The graduate literature review module is particularly useful if you are writing a literature review that forms part of a research project, including an Honours, Master by Research or Ph D project.
This tutorial will cover: The purpose of a stand-alone literature review is to provide a summary, synthesis and critical evaluation of the literature relevant to your specific research question or aim.
It should bring out ideas/hypotheses that can explain any discrepancies and provide solutions to existing problems.
On the other hand, systematic reviews follow a well-planned methodology to qualitatively or quantitatively analyze a defined number of studies.
Literature reviews can be stand-alone documents, or they can form part of a research proposal or project.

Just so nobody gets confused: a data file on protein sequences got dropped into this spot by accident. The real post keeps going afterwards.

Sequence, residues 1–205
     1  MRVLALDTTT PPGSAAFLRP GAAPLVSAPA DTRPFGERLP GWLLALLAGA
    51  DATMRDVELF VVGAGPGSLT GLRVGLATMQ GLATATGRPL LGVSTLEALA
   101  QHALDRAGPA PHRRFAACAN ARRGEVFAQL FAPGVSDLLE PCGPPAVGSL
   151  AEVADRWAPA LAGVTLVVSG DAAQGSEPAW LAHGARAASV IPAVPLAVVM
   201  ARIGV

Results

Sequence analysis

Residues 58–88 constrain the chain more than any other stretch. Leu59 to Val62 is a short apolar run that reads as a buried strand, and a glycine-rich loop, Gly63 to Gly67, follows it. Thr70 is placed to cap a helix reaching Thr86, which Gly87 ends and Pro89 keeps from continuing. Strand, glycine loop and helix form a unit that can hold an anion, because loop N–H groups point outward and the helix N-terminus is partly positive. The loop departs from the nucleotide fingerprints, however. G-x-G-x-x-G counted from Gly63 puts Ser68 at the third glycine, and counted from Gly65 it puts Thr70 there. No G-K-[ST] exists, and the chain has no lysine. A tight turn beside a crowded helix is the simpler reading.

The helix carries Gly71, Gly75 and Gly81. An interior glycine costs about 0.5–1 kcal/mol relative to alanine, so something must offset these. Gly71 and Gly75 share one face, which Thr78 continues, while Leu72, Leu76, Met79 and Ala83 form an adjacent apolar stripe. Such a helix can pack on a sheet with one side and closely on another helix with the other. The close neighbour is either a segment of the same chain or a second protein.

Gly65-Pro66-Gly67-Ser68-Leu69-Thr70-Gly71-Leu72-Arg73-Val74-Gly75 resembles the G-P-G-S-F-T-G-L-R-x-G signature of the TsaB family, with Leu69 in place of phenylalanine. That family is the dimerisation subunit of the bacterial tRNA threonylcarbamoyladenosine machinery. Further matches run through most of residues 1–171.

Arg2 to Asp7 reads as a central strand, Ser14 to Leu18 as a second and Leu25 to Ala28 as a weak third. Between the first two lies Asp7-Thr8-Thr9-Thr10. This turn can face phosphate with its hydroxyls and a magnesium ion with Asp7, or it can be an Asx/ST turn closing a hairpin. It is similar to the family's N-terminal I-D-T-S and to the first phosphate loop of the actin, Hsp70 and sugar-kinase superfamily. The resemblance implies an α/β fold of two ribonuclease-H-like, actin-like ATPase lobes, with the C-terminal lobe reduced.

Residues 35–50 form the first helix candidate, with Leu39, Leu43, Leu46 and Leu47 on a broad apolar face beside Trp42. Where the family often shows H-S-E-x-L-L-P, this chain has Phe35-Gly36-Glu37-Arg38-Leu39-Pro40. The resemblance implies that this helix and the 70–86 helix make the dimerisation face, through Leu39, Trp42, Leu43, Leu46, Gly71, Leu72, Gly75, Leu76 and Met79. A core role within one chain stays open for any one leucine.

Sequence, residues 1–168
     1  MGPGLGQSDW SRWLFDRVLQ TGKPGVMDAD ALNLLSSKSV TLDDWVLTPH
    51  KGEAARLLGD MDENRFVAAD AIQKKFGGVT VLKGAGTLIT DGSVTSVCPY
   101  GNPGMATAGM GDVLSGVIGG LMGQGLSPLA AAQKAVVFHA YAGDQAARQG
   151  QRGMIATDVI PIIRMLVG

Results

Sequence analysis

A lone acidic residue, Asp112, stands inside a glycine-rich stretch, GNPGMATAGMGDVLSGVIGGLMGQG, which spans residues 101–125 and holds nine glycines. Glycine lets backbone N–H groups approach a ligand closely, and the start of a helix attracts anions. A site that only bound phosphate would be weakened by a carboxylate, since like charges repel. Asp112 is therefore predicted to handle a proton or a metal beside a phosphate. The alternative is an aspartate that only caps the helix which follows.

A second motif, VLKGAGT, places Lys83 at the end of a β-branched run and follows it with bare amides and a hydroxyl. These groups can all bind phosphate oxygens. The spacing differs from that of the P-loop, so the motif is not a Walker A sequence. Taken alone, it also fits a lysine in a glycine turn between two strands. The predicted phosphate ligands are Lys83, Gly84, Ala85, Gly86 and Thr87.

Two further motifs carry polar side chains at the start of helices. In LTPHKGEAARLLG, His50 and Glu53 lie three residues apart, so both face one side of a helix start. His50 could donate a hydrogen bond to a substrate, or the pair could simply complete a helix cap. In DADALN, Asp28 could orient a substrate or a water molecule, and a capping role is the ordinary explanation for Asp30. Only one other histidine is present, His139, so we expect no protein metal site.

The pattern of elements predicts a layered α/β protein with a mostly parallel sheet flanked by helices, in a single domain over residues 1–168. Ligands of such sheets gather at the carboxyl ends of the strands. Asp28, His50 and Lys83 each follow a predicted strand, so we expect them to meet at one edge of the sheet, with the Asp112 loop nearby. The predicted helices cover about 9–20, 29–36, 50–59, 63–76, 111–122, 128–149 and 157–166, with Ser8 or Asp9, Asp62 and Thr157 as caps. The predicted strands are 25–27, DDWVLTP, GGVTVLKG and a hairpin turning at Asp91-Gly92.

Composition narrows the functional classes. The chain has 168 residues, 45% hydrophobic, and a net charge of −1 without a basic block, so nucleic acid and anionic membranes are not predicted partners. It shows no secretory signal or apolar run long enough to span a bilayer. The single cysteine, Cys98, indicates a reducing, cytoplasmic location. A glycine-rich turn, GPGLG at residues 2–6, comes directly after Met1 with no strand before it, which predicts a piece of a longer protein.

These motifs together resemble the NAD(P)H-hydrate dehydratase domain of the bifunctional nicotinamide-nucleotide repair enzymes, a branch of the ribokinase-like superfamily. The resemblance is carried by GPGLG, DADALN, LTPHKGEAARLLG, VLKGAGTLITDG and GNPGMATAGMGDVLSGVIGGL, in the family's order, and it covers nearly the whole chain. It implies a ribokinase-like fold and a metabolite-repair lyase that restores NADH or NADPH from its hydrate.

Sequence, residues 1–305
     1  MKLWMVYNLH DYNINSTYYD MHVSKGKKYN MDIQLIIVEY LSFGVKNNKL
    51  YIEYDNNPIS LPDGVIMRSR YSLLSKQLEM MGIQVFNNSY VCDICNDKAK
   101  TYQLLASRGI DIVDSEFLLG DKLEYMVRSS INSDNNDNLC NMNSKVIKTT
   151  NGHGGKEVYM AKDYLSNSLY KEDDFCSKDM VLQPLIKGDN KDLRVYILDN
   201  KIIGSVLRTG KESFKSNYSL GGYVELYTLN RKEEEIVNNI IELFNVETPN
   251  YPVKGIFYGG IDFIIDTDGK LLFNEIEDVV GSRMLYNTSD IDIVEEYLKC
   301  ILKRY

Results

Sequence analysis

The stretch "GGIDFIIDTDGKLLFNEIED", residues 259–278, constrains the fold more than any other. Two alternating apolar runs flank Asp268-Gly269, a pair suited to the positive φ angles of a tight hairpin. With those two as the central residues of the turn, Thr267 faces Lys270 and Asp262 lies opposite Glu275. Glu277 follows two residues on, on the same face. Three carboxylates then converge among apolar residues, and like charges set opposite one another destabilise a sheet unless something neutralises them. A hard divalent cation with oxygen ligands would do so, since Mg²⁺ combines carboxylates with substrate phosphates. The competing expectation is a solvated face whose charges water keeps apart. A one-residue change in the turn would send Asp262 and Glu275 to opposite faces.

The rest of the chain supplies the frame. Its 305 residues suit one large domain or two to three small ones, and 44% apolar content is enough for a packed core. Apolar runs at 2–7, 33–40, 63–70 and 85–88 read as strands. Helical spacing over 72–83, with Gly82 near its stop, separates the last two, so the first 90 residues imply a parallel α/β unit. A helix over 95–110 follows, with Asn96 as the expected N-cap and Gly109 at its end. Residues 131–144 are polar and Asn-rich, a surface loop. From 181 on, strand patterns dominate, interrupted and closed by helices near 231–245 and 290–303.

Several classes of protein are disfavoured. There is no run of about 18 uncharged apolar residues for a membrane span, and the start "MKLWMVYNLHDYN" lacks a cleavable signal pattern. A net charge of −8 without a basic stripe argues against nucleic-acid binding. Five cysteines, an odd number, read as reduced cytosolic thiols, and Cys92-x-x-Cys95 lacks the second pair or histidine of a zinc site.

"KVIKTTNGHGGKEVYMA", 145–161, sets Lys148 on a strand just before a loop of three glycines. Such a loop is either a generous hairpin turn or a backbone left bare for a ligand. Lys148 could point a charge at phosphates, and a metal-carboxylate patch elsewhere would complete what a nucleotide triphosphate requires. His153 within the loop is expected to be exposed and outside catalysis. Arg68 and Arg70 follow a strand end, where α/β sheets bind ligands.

A stand-alone literature review aims to summarise and evaluate the current knowledge of a specific topic, whereas a literature review that forms part of a research proposal or project also describes the gaps in the current knowledge that the project aims to address.
Every research report/ thesis/research article begins with an introduction to the topic of research. The main purpose of the review is to introduce the readers to the need for conducting the said research.
A literature review should begin with a thorough literature search using the main keywords in relevant online databases such as Google Scholar, Pub Med, etc.
For example: Only a few epidemiologic investigations have assessed the intake of chocolate products as part of a food frequency questionnaire (FFQ) (Arts et al., 2002; di Giuseppe et al., 2008), whereas other studies have simply asked about chocolate intake as part of a lifestyle questionnaire (Lee & Paffenbarger, 1998; Paganini-Hill, Kawas, & Corrada, 2007).
Monash students can access Research and Learning drop-in sessions at the Library.